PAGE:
The Dangers of Facebook
This is not your average “I don’t feel like doing anything so I’m going to browse peoples’ walls” sort of feeling. No. I literally cannot close the browser window for more than three minutes. I am not even sitting outside enjoying the day while on the Internet. I am in my stuffy room that is always a few degrees too warm for comfort. There is no logical reason for me to continue, so why can’t I close the window?
Facebook is a fantastic way to share photos and keep in touch with friends and family when calling is expensive and setting up a time to Skype is tricky. I enjoy telling people of my mishaps and teaching them fun Australian slang, and I like to know how they are doing as well. It is also a useful tool in learning about activities happening in my college and various events around campus. However, the extent of Facebook usage should not extend beyond that. Future study abroad students: the minute you find yourself flipping through photos of people you forgot you were friends with or when you go through entire wall-to-wall histories, STOP. Besides being an embarrassing way to waste time while there are so many cool things to do, spending lots of free time on Facebook may very well make you incredibly homesick. Facebook is not going anywhere, but you will not be in that foreign country forever.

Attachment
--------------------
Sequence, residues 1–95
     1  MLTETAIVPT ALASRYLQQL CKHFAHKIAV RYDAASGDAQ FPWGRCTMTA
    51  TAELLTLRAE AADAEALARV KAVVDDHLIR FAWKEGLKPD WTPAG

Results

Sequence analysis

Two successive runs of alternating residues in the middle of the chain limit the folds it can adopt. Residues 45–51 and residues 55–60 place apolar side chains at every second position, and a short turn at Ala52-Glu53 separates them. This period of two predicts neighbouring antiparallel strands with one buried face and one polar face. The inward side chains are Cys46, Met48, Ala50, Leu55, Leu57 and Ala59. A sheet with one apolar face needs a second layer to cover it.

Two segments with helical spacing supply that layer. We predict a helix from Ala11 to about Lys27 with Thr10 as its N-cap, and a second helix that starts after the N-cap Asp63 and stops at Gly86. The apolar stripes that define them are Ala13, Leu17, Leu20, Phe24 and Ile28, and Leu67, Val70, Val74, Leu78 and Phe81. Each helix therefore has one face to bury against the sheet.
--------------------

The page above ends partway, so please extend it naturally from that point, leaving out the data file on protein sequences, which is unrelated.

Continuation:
During orientation, we were told to not get caught in Facebook’s enticing trap. I thought this should almost go without saying. Why would I spend lots of time on Facebook when I’ll be busy hanging out on the beach, meeting Australians and maybe even studying? Despite my lofty expectations, I have too much free time this semester. Too much. I somehow ended up only having class on Tuesday and Thursday, and a couple hours on Friday. This schedule is great for when I want to go into the city for the day or hang out with other people. But sometimes those just are not options, and my workload is hardly overwhelming. Thus, I frequently have a lot of time to kill. Cue Facebook.
My next adventure is during my Easter Break this upcoming week. I am traveling to Cairns (pronounced “cans”), a city in northern Queensland, to scuba dive in the Great Barrier Reef, see waterfalls and spend the night in a rainforest. Provided I am not attacked by any wild animals, it should be a great trip. I will not be taking my laptop along, meaning no access to Facebook for five days; I could not be more excited. Maybe after I return I’ll be less inclined to browse my friends’ walls during my down time and feel motivated to run along the Brisbane river or sit under a tree to read a book. Or maybe I will just have a lot of Facebook creeping to catch up on.